“Tiaret: the town hall’s headquarters besieged by dozens of Young people”, title of the newspaper Liberté of the 1st of February 2009. The daily newspaper recounts the fact that in this locality situated in the East of the capital city, young people have assaulted the town hall to protest against their life conditions and particularly against unemployment. The leader of Daïra (the sub prefect) has promised to take their demands into consideration. In Seddouk (300km to the East of Algiers): secondary students are angry against the exclusion of their mates and against schooling conditions. Bel Abbès: 12 youngsters kept in custody due to riots.
These brief articles are nearly mundane in Algerian press. They are placed with brief news and don’t interest anyone anymore. The Algerian youth’s dismay – 47.27% of the 35.7 million Algerians – is trivialized between two big riots, two tragedies. Like these youngsters whose bodies were found off the Spanish coast after a failed attempt of illegal immigration. According to the Algerian coast guards, in 2008, they were 4000 to attempt the trip. They were probably more in 2009.
Interrogated on the subject, in December 2009, the Ministry of Youth had replied without batting an eyelid “we have not managed to identify the reasons why these young people want to leave”. Nevertheless, the government has increased the organisation of meetings and workshops on youth and surveys on the subject.
In 2007, a survey commissioned by the National Centre for Research and Analyses and Planning ( Centre national d’études et d’analyse pour la planification - CENEAP (1)) had revealed that for 62.8% of the young people who go to school, the “future is blurred”, 58% have no activity and 90.6% are members of no association. Paradoxically, nearly half of the presidents of associations are less than 40 years old. The majority are bilingual, academics, and master issues dealing with youth. They all have reported the danger of drug addiction to the government. Due to lack of financial means, they find it hard to struggle against this flaw in the framework of their associations(2).
During a meeting between the walis (prefects) and the government, the CENEAP had also given alarming statistics on the loss of schooling indicating that 48% of children who go to school, interrupt their studies at primary school level. 32.5 % interrupt secondary school. 15 to 29-year old unemployment represents 70% of the global unemployed.
In 2009, the crisis did not spare Algeria. It has accentuated the deterioration of youth socioeconomic conditions. Beyond these parameters, Algerian youth is above all a victim of public policies and programs. According to the CENEAP, the latter can be described by their weakness in listening capacities, in observation, of participation, in evaluation, in information and forecasting. The government lacks coherence and coordination in the implementation of these policies.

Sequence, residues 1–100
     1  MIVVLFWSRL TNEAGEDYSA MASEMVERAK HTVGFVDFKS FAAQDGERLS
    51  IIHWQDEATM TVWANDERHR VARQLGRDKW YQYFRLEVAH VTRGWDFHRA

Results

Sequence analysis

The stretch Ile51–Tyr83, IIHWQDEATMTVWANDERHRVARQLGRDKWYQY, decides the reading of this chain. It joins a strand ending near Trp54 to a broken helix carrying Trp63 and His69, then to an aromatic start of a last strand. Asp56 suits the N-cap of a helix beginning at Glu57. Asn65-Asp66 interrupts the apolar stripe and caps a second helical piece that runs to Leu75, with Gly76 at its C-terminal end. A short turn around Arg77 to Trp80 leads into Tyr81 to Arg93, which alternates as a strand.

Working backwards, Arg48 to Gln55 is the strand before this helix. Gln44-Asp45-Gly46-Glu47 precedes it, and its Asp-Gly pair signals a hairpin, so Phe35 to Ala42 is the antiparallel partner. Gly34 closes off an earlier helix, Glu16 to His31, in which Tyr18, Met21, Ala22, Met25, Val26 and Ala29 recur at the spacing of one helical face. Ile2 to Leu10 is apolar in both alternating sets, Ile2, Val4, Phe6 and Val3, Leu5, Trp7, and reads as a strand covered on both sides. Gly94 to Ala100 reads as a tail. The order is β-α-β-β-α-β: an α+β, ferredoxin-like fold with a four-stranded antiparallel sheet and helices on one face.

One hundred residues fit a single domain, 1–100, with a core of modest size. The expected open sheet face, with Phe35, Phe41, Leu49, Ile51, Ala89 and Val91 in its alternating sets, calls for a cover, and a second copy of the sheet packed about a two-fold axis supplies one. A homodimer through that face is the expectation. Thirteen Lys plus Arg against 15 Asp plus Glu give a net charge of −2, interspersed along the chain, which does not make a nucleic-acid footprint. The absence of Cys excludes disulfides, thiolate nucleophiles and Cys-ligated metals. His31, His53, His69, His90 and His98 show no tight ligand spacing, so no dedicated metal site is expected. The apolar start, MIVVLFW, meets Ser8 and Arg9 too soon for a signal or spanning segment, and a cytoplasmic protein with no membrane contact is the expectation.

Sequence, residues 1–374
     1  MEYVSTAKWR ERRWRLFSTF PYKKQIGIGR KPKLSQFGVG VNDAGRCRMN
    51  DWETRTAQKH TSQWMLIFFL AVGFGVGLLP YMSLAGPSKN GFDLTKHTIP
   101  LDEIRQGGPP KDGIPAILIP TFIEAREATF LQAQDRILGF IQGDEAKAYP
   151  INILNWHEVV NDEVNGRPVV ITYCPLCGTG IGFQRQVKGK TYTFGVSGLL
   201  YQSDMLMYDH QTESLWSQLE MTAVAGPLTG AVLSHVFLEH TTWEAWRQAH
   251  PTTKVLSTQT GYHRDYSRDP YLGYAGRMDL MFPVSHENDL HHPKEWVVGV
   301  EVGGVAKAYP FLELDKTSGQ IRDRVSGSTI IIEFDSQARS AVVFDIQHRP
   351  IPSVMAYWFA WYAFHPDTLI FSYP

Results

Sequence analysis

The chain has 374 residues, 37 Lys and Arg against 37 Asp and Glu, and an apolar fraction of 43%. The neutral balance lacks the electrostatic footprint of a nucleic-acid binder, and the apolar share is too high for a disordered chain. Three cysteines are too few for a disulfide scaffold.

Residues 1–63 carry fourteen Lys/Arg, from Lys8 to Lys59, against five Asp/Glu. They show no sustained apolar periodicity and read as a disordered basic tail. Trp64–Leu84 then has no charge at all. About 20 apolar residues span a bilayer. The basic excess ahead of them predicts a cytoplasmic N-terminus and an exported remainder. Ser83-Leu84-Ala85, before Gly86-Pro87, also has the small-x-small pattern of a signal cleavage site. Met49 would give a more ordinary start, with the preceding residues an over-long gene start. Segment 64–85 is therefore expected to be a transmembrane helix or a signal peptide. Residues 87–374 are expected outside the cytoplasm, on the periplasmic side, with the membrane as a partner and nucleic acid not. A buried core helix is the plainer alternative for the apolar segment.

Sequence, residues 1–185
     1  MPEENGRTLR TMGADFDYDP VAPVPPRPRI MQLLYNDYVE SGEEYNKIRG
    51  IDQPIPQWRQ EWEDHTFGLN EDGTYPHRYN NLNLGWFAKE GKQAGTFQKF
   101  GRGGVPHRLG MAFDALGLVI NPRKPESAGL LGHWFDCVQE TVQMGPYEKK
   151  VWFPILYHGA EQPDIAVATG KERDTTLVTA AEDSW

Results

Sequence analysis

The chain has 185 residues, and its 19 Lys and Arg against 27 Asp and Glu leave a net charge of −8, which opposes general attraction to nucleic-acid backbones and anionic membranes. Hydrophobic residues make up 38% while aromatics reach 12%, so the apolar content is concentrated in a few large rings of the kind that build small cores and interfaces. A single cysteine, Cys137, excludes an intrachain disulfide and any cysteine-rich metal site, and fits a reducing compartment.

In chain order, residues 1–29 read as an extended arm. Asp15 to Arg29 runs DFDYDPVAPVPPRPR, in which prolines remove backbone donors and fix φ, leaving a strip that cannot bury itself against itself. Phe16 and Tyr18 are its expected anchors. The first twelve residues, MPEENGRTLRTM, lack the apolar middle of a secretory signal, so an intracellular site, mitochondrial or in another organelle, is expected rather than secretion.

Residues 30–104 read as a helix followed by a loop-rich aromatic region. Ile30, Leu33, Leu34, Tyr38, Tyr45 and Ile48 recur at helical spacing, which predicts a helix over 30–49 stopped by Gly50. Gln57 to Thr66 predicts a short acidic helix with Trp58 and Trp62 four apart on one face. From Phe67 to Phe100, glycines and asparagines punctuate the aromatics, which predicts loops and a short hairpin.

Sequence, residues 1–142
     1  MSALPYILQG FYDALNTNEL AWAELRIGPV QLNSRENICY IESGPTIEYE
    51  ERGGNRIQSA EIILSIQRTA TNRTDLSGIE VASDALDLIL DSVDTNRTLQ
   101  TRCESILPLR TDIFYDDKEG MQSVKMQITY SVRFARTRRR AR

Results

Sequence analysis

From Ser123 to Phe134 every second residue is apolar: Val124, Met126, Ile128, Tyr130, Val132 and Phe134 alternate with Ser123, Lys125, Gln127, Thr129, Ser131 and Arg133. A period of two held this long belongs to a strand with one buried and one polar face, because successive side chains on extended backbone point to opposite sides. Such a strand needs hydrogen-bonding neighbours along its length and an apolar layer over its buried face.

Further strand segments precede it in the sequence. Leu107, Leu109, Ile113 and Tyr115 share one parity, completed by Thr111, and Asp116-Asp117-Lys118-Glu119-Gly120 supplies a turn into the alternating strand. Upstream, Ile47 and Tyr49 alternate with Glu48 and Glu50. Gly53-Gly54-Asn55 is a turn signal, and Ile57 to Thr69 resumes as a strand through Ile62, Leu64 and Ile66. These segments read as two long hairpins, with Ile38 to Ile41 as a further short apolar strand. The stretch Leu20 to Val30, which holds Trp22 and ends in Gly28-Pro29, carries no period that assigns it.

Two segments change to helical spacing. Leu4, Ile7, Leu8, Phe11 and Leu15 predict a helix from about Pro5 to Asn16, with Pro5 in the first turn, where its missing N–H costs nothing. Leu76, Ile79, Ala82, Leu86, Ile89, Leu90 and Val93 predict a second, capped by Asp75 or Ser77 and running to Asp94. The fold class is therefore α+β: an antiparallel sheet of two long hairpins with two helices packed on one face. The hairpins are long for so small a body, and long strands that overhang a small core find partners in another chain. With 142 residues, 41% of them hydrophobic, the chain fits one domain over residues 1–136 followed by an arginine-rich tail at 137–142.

Even without these specialists’ analysis, the boredom and dismay of young people are visible in Algerian streets. The rare libraries are replaced by all kinds of shops. Sports complexes are falling apart and the access to world cinema passes through the bad quality copies of pirated films. In a recent survey carried out by Alpha Publishers, it emerges that 80% of students have never read a book during their studies. When it comes to university, professors including Ahmed Rouadjia have denounced the trafficking of diplomas and plagiarism that inflict upon Algerian university. On the 1st of February 2010, Rouadjia writes about education content in El Watan (an Algerian newspaper) “the same definitions of notions and concepts that some pretend to clarify to their students obey more to an ideological indoctrination logic with its stream of sentimental affects of the “Arab speaking”, “Islamic” or cheap patriotic type than to the neutral and cold distance that the rigor of the Cartesian method implies.”
Besides, the instrumentalisation of the youth patriotic feeling by the Algerian government has reached its paroxysm during the African cup’s qualification games. Reduced flight tickets to go to Sudan then to Angola, passports’ delivery in a few minutes and media publicity. All means have been used to make young people forget that the majority of the national football team is made up of franco-algerians who are trained and live in Europe and that due to lack of financial means and infrastructure, sports practice in Algeria is a minority. Additionally, to make young people forget the strikes that have been paralysing schools and hospitals for months.
(2) According to the judiciary police of the national gendarmerie more than64 tons of drugs have been seized in 2009. They also reveal that more and more pupils and students are drug addicts.
Translated to English by Elizabeth Grech